September 2016
Volume 57, Issue 12
Open Access
ARVO Annual Meeting Abstract  |   September 2016
Rod photoreceptors mediate light-evoked activity of dopaminergic amacrine cells across a wide range of light intensities
Author Affiliations & Notes
  • Xiwu Zhao
    Eye Research Institute, Oakland University, Rochester, Michigan, United States
    Ophthalmology & Visual Sciences, University of Michigan, Ann Arbor, Michigan, United States
  • Sheng-Nan Qiao
    Eye Research Institute, Oakland University, Rochester, Michigan, United States
    Institute of Neurobiology, Fudan University, Shanghai, China
  • Yong-Mei Zhong
    Institute of Neurobiology, Fudan University, Shanghai, China
  • Kwoon Y Wong
    Ophthalmology & Visual Sciences, University of Michigan, Ann Arbor, Michigan, United States
  • Dao-Qi Zhang
    Eye Research Institute, Oakland University, Rochester, Michigan, United States
  • Footnotes
    Commercial Relationships   Xiwu Zhao, None; Sheng-Nan Qiao, None; Yong-Mei Zhong, None; Kwoon Wong, None; Dao-Qi Zhang, None
  • Footnotes
    Support  NIH R01 EY022640
Investigative Ophthalmology & Visual Science September 2016, Vol.57, No Pagination Specified. doi:
  • Views
  • Share
  • Tools
    • Alerts
      ×
      This feature is available to authenticated users only.
      Sign In or Create an Account ×
    • Get Citation

      Xiwu Zhao, Sheng-Nan Qiao, Yong-Mei Zhong, Kwoon Y Wong, Dao-Qi Zhang; Rod photoreceptors mediate light-evoked activity of dopaminergic amacrine cells across a wide range of light intensities. Invest. Ophthalmol. Vis. Sci. 201657(12):.

      Download citation file:


      © ARVO (1962-2015); The Authors (2016-present)

      ×
  • Supplements
Abstract

Purpose : Dopamine plays a critical role in the retinal dark-light switch during the night-day transition. Yet, the way in which dopamine release is regulated in scotopic and mesopic lighting conditions remains unknown. Here we examine rod-mediated responses of dopaminergic amacrine cells (DACs) at a wide range of light intensities in order to understand the contribution of rods to the regulation of DAC activity.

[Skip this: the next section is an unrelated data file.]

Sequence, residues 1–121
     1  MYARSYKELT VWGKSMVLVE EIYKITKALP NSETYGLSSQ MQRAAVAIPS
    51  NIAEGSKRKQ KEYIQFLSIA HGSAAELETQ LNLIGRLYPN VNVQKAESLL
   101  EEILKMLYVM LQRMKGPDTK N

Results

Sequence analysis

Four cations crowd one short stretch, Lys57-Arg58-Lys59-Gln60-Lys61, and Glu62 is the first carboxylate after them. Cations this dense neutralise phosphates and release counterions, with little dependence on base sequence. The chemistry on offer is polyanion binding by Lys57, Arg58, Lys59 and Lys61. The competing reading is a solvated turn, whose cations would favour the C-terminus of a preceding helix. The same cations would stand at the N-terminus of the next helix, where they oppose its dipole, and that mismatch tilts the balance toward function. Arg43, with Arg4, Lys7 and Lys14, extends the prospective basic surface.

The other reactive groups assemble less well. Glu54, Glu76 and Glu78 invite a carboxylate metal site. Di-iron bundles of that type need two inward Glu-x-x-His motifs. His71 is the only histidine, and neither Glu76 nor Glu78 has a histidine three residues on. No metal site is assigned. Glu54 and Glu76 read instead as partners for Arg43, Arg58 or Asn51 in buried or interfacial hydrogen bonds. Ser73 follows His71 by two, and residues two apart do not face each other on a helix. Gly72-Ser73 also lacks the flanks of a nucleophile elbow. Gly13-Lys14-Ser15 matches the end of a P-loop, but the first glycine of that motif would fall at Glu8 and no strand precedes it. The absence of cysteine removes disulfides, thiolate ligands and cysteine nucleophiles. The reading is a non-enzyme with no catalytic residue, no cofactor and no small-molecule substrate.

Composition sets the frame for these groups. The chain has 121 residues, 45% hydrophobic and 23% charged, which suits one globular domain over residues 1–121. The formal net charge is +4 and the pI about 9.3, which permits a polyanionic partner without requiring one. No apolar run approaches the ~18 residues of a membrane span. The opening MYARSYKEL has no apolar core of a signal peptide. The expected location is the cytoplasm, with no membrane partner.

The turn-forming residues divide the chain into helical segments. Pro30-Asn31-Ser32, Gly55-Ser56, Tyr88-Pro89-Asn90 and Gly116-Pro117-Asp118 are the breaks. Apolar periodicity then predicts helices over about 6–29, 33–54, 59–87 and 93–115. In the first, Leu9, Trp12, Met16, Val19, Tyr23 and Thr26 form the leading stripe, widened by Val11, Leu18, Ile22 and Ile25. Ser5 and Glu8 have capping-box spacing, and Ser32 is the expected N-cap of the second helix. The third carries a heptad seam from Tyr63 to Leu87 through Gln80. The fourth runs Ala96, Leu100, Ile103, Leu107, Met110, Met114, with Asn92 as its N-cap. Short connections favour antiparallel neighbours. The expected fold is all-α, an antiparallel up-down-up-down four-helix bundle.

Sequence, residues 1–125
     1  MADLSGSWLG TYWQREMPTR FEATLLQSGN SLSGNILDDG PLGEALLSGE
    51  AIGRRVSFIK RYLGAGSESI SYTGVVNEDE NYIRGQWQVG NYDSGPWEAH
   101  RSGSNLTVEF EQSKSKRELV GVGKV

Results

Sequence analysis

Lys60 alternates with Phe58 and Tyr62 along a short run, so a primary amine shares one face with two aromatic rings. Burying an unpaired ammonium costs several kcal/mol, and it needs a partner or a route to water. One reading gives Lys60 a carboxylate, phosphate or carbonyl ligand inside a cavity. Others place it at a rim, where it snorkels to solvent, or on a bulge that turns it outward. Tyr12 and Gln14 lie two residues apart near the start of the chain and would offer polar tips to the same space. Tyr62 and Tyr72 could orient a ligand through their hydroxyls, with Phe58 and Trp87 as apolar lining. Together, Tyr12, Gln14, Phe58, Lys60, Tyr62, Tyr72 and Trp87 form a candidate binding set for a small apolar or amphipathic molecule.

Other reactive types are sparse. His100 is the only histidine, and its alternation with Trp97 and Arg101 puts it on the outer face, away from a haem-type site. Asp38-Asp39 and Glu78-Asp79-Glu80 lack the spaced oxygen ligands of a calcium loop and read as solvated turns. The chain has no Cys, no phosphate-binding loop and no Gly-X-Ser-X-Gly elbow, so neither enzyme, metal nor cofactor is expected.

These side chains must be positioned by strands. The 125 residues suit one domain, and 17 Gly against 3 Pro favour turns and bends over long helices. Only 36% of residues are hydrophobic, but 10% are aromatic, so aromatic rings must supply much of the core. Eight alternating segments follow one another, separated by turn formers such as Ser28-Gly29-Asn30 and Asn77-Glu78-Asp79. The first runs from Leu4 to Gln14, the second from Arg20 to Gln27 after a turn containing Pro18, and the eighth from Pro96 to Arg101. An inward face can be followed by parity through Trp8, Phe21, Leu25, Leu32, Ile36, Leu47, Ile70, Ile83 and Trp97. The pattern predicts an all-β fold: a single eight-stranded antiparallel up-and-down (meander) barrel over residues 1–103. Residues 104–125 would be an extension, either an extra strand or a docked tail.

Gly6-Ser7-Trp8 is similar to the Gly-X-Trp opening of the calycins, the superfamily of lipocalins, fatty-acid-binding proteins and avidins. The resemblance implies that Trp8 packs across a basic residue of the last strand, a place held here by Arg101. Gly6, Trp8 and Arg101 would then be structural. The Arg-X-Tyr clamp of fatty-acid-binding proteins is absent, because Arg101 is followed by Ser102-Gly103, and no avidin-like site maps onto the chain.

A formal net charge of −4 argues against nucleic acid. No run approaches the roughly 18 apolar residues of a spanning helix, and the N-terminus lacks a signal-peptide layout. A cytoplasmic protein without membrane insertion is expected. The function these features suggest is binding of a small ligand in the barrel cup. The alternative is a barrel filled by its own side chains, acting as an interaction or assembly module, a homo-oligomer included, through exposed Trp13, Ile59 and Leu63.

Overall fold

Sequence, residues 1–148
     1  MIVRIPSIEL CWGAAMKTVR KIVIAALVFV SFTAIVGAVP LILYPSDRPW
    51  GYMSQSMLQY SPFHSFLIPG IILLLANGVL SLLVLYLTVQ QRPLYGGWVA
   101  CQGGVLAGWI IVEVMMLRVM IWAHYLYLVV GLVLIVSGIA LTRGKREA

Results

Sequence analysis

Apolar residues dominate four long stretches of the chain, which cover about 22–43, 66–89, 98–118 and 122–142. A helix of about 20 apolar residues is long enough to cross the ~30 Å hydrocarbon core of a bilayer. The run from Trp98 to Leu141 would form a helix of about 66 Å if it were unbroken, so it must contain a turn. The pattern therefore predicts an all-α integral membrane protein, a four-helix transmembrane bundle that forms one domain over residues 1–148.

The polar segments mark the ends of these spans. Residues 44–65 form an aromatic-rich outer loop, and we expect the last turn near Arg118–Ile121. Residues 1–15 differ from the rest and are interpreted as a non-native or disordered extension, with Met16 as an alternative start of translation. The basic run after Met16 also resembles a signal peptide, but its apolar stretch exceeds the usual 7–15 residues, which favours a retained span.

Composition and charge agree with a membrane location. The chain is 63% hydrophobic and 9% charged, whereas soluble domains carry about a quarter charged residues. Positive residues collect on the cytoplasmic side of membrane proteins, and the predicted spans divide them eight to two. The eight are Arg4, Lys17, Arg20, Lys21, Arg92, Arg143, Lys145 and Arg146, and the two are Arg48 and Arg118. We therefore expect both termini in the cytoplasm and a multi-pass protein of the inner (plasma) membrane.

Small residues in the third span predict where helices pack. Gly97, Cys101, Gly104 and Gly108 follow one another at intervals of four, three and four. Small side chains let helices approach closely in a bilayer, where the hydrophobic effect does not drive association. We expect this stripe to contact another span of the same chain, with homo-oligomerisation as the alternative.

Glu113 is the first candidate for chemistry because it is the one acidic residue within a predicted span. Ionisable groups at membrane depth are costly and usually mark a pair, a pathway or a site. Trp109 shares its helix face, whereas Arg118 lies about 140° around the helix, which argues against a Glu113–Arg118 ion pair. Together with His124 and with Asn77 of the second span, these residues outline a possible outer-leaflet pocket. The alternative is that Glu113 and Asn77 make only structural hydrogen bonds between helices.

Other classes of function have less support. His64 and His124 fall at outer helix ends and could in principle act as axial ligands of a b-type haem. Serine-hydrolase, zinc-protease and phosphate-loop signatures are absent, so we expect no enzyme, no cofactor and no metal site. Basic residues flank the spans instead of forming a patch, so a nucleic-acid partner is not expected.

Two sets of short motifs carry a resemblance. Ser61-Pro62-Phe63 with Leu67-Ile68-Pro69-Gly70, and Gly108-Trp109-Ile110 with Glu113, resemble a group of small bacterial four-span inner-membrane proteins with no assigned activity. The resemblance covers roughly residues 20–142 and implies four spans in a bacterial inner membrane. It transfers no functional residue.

Methods : A transgenic mouse model in which DACs are genetically labeled with red fluorescent protein was used. The cone phototransduction pathway was genetically eliminated in this model. Possible inputs from intrinsically photosensitive retinal ganglion cells to DACs were blocked by TTX (Prigge and Zhang, 2015). In most experiments, fluorescent labeling was visualized using a multi-photon laser to minimize photopigment bleaching.

Results : At a holding potential of -70 mV, DACs exhibited inward currents at light onset (white light, 1-s duration) with a threshold light intensity of 7.5 log quanta cm-2 s-1 (near the rod sensitivity threshold). The peak amplitude of these light-evoked currents gradually increased as the light intensity increased and reached its maximum value (55.8±25.6 pA, n=3) at 9.5 log quanta cm-2 s-1. As light intensity exceeded 9.5 log quanta cm-2 s-1, peak response amplitude remained unchanged although the responses became more prolonged. The responses lasted for ~15 s (n=3) after light off at 13.5 log quanta cm-2 s-1. In addition, rod-mediated responses of DACs were persistent during 120-s steady background illumination at both lower (8.5 log quanta cm-2 s-1, n=3) and higher (11.5 log quanta cm-2 s-1, n=3) intensities. DACs also responded to flashing lights (8.5 log quanta cm-2 s-1 at 1 Hz and 11.5 log quanta cm-2 s-1 at 0.25 Hz, n=3). Furthermore, DACs exhibited a transient outward current at light onset when the holding potential was at 0 mV. Strychnine (a glycine receptor antagonist) increased the light-evoked inward current recorded at -70 mV but attenuated the outward current measured at 0 mV, suggesting that rod-mediated responses of DACs consist of both excitatory and inhibitory components.

Conclusions : Our results suggest that rods can mediate light-evoked activity of DACs at a wide range of light intensities, thus potentially triggering dopamine release in scotopic, mesopic or even photopic lighting conditions.

This is an abstract that was submitted for the 2016 ARVO Annual Meeting, held in Seattle, Wash., May 1-5, 2016.

×
×

This PDF is available to Subscribers Only

Sign in or purchase a subscription to access this content. ×

You must be signed into an individual account to use this feature.

×